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Simon Cleobury

UK Deputy Permanent Representative to the Conference on Disarmament

17th March 2022 Geneva, Switzerland

Innovative Finance for Mine Action: the Wilton Park conference

Wiston House

The FCDO’s Demining Team and the UK Mission Geneva partnered with our colleagues at Wilton Park to organise a Conference on Innovative Finance for Mine Action at Wiston House on 7 to 9 March.

States Parties to both the Anti-Personnel Mine Ban Convention (APMBC) and the Convention on Cluster Munitions (CCM) have committed to explore alternative and new sources of funding for mine action. To support those commitments, our Conference’s key aims were to raise awareness of the mine action sector’s desire to:

  • explore innovative finance options
  • forge connections with the impact finance and development sectors
  • assess the appropriateness of the different options, and
  • plot a way forward to piloting one or more of the structures

In order to further these aims, we brought together:

  • representatives from the mine action sector, such as Geneva International Centre for Demining (GICHD), the HALO Trust, Mines Advisory Group (MAG), and United Nations Mine Action Service (UNMAS)
  • major donors: Norway, the Netherlands, the United Kingdom and the United States
  • mine affected countries: Angola, Cambodia, and Lebanon
  • the implementation support units of the 2 Conventions, APMBC and CCM
  • the humanitarian sector: International Committee of the Red Cross (ICRC), The International Federation of Red Cross and Red Crescent Societies (IFRC), Humanity and Inclusion
  • the financial sector: European Bank for Reconstruction and Development (EBRD), International Finance Facility for Immunisation (IFFIm), Social Finance, Stone Family Foundation
  • organisations that monitor and evaluate projects: Ecorys, Itad

We started by considering the challenges facing the sector. Lack of funding and the low level of capacity of many affected states means that finding alternative and new sources of funding is key. We then looked at how outcomes based financing worked in other sectors – learning lessons from an impact bond for skills training for employment in Palestine and from the ICRC’s Humanitarian Impact Bond funding physical rehabilitation centres. We also learnt about the pros and cons of Development Impact Bonds from their evaluators. We learned how IFFIm uses vaccine bonds to make money available immediately to GAVI, the Vaccine Alliance, by frontloading long-term sovereign pledges. We then used breakout sessions to consider whether these models could be applied to country specific contexts.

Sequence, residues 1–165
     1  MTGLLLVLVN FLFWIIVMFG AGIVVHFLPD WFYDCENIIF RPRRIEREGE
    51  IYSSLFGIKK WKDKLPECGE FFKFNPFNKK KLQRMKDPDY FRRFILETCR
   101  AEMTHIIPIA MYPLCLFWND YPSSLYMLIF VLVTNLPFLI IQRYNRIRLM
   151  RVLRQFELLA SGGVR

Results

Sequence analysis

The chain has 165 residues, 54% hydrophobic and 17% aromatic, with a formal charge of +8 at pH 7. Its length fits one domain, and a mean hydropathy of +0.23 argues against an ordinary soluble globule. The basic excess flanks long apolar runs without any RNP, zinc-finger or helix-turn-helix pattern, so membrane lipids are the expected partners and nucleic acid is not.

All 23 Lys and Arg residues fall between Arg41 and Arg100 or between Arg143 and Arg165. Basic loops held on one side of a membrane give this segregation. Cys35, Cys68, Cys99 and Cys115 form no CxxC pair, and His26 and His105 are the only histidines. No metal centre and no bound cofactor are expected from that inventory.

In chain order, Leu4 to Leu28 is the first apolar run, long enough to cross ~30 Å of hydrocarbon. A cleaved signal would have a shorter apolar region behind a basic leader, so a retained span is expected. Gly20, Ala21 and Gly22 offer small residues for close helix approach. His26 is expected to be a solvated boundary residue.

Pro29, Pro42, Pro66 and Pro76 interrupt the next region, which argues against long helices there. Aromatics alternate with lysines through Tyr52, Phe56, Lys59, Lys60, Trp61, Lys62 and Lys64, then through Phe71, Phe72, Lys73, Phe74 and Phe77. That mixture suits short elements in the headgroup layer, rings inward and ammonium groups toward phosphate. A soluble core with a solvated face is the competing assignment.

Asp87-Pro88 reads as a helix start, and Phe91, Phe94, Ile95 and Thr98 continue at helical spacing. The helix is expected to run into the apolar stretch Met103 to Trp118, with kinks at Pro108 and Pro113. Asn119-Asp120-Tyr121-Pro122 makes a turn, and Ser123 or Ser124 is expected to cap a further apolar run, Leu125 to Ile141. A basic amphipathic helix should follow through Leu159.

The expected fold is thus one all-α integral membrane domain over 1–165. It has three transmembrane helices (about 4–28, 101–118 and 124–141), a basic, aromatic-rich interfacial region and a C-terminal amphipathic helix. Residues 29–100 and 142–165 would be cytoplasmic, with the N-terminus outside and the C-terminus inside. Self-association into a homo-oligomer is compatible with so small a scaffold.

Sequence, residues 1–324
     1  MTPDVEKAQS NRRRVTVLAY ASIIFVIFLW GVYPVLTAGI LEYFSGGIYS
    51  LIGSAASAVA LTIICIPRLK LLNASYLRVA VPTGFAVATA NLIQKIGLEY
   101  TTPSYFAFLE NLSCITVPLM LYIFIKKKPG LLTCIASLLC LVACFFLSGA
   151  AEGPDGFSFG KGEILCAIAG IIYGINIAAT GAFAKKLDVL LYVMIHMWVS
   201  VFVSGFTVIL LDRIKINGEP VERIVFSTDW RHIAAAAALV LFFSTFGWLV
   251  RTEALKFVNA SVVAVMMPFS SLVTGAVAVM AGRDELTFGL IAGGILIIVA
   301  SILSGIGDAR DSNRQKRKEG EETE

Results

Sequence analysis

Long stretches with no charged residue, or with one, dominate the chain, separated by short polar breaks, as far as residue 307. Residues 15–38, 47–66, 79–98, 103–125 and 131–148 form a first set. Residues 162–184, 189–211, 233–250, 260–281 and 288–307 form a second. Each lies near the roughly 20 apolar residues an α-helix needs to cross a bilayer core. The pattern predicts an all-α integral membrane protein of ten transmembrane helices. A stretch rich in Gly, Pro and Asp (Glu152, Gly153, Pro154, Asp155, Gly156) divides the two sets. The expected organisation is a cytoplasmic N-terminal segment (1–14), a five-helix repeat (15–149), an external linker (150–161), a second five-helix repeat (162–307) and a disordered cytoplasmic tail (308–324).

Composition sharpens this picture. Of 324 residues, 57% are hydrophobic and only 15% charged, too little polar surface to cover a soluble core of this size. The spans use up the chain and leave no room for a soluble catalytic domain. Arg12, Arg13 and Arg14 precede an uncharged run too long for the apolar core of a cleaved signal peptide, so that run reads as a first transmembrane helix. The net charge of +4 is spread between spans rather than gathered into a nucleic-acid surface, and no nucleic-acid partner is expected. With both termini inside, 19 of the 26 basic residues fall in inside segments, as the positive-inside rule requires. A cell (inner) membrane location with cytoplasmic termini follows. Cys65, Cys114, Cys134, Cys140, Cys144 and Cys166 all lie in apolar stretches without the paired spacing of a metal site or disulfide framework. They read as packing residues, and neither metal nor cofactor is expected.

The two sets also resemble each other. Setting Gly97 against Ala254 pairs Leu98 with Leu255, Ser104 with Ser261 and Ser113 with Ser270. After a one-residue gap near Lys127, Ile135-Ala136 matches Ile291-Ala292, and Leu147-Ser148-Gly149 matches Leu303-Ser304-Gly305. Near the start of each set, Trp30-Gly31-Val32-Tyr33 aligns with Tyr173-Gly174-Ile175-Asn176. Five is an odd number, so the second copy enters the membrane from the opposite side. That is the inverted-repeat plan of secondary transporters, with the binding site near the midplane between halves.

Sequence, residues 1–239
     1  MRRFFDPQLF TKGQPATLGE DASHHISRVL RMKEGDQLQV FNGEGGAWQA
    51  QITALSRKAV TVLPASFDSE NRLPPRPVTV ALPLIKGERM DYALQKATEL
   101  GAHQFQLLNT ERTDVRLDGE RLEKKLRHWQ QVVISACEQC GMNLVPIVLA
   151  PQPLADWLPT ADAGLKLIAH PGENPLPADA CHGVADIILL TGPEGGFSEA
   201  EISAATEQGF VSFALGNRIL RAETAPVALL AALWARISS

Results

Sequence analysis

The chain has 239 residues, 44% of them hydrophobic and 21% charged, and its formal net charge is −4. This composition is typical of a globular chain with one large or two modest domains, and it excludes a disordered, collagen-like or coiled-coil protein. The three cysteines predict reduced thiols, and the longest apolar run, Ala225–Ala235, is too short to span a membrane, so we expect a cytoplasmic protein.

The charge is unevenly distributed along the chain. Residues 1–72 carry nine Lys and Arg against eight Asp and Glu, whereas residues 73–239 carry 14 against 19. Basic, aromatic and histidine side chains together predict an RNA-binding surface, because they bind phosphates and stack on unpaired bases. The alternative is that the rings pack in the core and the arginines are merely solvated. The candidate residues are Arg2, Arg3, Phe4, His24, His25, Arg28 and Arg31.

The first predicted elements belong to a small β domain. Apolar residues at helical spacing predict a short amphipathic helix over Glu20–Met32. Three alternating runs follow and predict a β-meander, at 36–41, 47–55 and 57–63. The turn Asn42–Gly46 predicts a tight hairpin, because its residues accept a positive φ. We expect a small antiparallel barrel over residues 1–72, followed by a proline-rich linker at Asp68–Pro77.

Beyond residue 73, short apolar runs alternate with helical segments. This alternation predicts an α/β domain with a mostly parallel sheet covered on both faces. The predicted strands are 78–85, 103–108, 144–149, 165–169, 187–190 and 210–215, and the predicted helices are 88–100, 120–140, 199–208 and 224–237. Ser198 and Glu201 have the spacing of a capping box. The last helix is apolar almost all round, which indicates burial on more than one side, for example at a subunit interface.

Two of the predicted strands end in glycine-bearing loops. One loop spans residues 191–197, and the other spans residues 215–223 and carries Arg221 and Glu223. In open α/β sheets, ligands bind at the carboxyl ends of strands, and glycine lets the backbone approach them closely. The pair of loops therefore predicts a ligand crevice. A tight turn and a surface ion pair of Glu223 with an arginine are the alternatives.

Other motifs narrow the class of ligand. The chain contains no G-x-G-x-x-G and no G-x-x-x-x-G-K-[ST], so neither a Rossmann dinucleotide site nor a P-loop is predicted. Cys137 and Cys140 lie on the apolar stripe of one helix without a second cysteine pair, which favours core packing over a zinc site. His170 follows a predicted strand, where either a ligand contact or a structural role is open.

On the final day we focused specifically on Cambodia, hearing from their Mine Action Authority and mine clearance operators on the ground. We also heard about other innovative financing structures being used in Cambodia by the Stone Family Foundation in the water sector.

So what did we learn? A lot, and certainly too much to put in this blog. Here are some of my key takeaways:

  • the innovative finance options we explored do offer potential under the right circumstances to leverage more money into the mine action sector, and to use it in a more impactful way
  • an alternative structure to the traditional grant funding will not always be needed or desirable – outcomes financing can improve effectiveness and efficiency, but if there is no implementation problem that needs to be solved, then there is no need to fix it. Impact bonds can be complex and costly to set up, and have higher administrative costs, so there needs to be a real, identifiable benefit to structuring it that way
  • similarly, whilst in certain circumstances the new structures we explored may be able to obtain greater impact from existing money, the greater benefit to these structures should be to bring in new sources of funding
  • any structure must have a people-centred approach, following the principles of do no harm and leave no one behind. Any structure that involves the transfer of land must, as now, beware of local sensitivities around land ownership
  • linking mine action to development financing (for example eco-tourism in Angola) has great potential to attract investors, but it will require a whole of government approach, especially from the affected country, but also from donor governments
  • a frontloading model may be appropriate for an affected country that needs help to get over the line, but some donors may not be able to make the long-term pledges required

Finally, and perhaps crucially, is the question of who will drive the putting into place of one of these structures? National ownership will be key, but mine action authorities will need their traditional bilateral donors to come together with the implementers and potential investors to design a structure that works for them. For our part, we are actively looking to start a pilot project, hopefully in Cambodia.